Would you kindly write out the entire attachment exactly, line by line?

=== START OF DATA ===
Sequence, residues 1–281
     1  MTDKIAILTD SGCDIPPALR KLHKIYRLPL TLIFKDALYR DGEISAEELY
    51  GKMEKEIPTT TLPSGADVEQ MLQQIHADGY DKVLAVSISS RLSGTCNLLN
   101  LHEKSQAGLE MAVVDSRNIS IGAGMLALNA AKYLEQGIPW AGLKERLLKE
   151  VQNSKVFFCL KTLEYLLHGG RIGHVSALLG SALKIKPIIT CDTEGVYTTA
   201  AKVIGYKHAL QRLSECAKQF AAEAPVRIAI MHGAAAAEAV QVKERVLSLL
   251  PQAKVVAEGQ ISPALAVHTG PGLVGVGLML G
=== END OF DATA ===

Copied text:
Sequence, residues 1–281
     1  MTDKIAILTD SGCDIPPALR KLHKIYRLPL TLIFKDALYR DGEISAEELY
    51  GKMEKEIPTT TLPSGADVEQ MLQQIHADGY DKVLAVSISS RLSGTCNLLN
   101  LHEKSQAGLE MAVVDSRNIS IGAGMLALNA AKYLEQGIPW AGLKERLLKE
   151  VQNSKVFFCL KTLEYLLHGG RIGHVSALLG SALKIKPIIT CDTEGVYTTA
   201  AKVIGYKHAL QRLSECAKQF AAEAPVRIAI MHGAAAAEAV QVKERVLSLL
   251  PQAKVVAEGQ ISPALAVHTG PGLVGVGLML G